A flame broke out out in property in London after a man burned logs on open fire in his living room heat his home.
The investigators said cause of hell was defined as “involving open fire be used instead of gas heating”, with combustible items considered to have been left too close to the fire.
This prompted the London Fire Brigade (LFB) issue urgently safety warning – with more over 100 fires involving open flames, wood burners and heaters in in last several months alone.
The service is now afraid rise in electricity bills can lead to increase in shoots like people resort to alternative means heat them homes.
Fire crews were called to the scene of flame in New Malden shortly after 8:30 am on April 26, after the flames spread to home. fire was under control by 10:30 but house suffered “significant damage”.
Three people provided assistance on the spot with one The person was taken to the hospital on a priority basis.
An eyewitness said he saw the man try to put out in fire with fire extinguisher while policeman, who passed by, knocked on windows of in property next do the door sure residents received out.
One neighbor who declined to give her name, said, “You couldn’t see [anything] because the smoke was so thick. It was just incredible.
“I shut all mine windows and whenever I opened the door to let someone in, a little bit of smoke got into the corridor.”
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deputy assistant commissioner for fire safety Charlie Pugsley said: “We know it’s a difficult time and people thinking about ways reduce their electricity bills, but we really concerned that they can put their lives on risk by doing so.
“If you have a log burner or an open fire, follow our advice carefully. Almost 30% of fires involving wood burners, heaters and traditional open fire caused on items be too close to heat source. Always use a fire protect and preserve all that can catch ignite far away, such as logs and kindling, which can be ignited by radiation heat.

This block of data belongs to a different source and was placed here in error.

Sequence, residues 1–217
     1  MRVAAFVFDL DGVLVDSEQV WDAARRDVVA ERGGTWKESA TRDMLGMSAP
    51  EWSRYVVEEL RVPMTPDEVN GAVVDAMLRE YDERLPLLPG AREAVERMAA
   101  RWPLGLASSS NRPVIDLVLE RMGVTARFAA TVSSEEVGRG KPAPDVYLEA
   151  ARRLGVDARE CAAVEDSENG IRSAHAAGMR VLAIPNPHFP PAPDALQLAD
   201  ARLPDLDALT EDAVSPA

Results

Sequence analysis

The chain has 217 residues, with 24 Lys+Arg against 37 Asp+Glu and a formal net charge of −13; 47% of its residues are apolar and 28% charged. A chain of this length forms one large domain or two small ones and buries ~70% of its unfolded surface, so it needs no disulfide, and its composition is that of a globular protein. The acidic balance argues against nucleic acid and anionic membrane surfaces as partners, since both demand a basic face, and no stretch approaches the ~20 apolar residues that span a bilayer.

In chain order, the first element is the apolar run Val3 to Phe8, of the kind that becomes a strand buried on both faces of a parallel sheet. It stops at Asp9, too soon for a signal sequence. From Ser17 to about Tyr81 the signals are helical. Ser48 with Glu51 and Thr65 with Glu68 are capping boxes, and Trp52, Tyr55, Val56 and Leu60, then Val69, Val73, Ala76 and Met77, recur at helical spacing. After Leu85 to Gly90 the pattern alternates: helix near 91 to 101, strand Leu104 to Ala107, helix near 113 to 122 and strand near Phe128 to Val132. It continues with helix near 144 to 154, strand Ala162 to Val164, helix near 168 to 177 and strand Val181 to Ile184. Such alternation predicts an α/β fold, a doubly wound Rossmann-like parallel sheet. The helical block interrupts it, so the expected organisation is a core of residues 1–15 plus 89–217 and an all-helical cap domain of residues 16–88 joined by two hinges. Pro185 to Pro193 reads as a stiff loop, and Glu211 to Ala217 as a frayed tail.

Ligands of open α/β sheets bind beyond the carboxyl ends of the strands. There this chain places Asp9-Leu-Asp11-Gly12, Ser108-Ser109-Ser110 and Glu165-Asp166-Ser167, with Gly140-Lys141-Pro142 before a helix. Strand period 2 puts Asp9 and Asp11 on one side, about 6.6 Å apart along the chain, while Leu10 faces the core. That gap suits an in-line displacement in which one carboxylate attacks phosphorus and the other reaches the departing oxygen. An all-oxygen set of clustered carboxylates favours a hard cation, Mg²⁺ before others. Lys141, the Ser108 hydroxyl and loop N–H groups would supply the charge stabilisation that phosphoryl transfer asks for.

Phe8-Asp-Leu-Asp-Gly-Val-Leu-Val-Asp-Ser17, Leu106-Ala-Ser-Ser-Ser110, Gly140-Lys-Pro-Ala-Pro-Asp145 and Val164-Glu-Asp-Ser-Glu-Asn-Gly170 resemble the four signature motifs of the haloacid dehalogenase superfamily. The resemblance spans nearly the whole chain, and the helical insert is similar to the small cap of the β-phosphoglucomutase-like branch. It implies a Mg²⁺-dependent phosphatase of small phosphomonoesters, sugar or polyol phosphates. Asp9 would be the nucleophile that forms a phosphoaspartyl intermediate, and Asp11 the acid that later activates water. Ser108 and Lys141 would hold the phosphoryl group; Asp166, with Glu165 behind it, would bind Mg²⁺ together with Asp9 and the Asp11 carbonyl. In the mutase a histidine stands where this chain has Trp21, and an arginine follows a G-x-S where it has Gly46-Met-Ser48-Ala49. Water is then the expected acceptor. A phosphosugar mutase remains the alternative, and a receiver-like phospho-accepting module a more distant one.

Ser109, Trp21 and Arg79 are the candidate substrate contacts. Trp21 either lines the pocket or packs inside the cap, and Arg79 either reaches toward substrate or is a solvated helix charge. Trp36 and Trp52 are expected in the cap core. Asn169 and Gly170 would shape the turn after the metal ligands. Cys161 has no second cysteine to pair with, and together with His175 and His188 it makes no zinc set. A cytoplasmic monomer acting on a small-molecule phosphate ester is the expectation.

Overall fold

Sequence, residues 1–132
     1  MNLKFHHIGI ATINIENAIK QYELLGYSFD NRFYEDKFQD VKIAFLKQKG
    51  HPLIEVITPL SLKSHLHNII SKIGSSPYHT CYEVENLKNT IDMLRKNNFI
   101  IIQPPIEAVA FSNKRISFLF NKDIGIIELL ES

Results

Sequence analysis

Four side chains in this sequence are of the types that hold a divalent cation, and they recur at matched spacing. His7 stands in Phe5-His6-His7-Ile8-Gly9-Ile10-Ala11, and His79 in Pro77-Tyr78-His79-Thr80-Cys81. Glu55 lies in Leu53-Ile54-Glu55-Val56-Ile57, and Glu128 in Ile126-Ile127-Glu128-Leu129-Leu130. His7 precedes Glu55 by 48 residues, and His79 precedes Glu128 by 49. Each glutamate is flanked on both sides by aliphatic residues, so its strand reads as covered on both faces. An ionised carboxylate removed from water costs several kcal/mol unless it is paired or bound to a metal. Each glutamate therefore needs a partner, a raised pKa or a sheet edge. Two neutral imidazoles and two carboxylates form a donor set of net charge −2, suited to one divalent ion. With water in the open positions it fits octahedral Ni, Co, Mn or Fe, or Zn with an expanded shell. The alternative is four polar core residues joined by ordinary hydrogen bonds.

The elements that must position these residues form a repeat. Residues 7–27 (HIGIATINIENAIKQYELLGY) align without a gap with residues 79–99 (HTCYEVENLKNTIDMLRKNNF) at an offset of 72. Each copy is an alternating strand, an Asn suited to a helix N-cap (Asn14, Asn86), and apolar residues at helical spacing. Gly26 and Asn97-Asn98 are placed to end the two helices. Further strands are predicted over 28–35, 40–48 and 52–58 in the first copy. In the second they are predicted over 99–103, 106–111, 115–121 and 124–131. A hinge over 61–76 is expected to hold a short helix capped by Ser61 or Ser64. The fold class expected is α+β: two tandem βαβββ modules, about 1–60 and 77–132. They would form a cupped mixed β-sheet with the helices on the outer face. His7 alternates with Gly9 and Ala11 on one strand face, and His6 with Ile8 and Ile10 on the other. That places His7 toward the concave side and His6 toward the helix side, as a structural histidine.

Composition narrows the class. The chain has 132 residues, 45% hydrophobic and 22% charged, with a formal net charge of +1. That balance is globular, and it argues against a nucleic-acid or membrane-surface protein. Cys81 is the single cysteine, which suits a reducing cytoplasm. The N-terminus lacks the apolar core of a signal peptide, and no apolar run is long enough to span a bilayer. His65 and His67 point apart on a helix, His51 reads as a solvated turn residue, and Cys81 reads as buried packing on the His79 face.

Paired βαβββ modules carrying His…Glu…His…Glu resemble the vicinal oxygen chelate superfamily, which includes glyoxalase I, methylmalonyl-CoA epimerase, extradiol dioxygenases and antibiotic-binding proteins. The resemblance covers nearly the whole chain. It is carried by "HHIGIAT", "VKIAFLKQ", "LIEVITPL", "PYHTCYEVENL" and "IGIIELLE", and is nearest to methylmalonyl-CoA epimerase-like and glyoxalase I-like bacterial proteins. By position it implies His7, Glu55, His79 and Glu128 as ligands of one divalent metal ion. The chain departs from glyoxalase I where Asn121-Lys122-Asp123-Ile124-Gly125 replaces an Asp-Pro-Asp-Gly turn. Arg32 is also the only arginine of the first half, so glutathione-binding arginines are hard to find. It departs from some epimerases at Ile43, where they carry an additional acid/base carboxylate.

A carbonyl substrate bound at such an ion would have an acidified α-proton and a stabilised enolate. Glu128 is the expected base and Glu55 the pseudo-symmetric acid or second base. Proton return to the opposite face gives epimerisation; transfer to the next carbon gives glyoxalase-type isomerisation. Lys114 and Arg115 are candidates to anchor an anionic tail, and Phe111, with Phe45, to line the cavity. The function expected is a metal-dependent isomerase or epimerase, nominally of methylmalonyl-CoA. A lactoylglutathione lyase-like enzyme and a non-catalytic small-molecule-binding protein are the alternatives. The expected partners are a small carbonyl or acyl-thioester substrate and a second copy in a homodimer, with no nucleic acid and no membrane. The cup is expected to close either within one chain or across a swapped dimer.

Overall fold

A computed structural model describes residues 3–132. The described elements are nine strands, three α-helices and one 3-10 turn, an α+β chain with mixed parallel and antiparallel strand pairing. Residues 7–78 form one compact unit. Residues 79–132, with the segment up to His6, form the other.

“His also important to do sure do you have carbon monoxide detectors in your home. You cannot taste, see or smell carbon monoxide, but it can kill in minutes.
“Please don’t take risk on using treated wood on fires. They can not only emit toxic fumes, but also also more may spit out embers when burning, which can set land on nearby objects.”
Adam Scorer, Executive Director of fuel poverty charity National Energy Action (NEA) called the incident “violent and dangerous”. reality of in cost-of-life crisis.
“One in four UK households currently in fuel poverty, which means millions are facing impossible choice because of their high electricity bills,” he said.
“Some choose between heating and eating, others turn off completely, and some even start an open fire.
“These are not survival strategies. people who feel they have no safe choice. Unfortunately it will only more common how impact of in price rises and reality of next winter hits home.
” government must prioritize properly. The government should get money in pockets and off energy bills of those on the lowest incomes.
BUT government the spokesman said: “We acknowledge the pressure people are facing with in cost of we live, therefore we have set out £22 billion package of support, including discounts and reduced electricity bills.”